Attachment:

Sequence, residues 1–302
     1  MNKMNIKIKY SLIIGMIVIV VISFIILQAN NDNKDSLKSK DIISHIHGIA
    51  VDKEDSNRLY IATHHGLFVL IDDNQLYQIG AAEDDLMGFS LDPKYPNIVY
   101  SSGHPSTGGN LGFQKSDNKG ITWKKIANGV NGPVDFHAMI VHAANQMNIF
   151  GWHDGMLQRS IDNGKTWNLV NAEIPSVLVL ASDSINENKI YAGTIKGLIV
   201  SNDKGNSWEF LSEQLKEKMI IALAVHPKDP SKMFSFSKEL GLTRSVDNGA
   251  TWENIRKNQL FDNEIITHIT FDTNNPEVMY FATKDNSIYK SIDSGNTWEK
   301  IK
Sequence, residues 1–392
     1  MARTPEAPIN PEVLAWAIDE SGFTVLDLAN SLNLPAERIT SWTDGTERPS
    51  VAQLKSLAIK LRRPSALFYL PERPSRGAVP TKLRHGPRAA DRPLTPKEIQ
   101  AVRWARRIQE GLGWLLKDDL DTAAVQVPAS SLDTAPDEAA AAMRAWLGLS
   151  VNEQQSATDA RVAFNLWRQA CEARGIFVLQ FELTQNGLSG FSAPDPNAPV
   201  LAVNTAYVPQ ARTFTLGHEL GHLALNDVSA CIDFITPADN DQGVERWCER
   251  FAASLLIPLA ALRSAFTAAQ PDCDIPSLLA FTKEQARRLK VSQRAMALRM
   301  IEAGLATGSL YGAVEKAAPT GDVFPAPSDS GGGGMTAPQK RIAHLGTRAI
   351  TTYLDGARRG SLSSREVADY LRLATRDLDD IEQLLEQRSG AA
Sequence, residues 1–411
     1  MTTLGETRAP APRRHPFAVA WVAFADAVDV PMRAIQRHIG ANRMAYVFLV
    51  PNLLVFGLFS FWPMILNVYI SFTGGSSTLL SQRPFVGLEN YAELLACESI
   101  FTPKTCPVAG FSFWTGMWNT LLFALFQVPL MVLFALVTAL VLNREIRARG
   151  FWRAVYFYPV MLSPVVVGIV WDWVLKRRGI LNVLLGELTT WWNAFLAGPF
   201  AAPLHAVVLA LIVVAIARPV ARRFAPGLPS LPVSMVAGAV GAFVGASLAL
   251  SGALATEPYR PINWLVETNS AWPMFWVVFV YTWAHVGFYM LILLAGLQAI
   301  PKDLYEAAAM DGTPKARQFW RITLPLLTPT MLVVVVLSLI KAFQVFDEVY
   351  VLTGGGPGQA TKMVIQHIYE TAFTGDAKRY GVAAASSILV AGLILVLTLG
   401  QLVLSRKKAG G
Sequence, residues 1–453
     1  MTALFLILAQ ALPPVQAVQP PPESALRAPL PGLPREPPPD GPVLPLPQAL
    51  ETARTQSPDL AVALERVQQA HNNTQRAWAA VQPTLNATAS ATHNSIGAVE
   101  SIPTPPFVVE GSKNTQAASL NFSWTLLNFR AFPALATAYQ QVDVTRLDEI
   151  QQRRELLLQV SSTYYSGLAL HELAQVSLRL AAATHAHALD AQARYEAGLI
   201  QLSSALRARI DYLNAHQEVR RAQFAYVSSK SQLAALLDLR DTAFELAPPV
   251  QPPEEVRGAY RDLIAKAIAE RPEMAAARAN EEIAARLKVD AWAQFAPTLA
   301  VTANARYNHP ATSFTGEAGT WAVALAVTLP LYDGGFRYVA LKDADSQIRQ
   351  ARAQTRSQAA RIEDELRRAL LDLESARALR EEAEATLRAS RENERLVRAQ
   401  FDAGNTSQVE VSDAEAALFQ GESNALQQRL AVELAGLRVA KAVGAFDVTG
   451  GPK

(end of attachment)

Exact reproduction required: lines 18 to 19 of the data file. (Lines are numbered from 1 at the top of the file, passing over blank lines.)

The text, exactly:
Sequence, residues 1–411
     1  MTTLGETRAP APRRHPFAVA WVAFADAVDV PMRAIQRHIG ANRMAYVFLV